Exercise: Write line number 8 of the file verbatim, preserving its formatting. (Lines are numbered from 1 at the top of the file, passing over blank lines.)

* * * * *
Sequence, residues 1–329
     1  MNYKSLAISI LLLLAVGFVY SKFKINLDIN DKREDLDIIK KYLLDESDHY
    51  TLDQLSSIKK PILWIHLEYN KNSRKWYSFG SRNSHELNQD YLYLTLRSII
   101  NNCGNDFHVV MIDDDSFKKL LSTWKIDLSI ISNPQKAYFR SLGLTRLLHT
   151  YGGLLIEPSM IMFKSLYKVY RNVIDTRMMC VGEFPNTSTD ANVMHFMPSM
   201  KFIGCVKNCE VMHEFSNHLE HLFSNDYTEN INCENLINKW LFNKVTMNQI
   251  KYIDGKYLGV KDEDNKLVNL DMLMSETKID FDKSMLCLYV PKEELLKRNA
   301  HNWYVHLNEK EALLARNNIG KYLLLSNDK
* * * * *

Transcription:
   301  HNWYVHLNEK EALLARNNIG KYLLLSNDK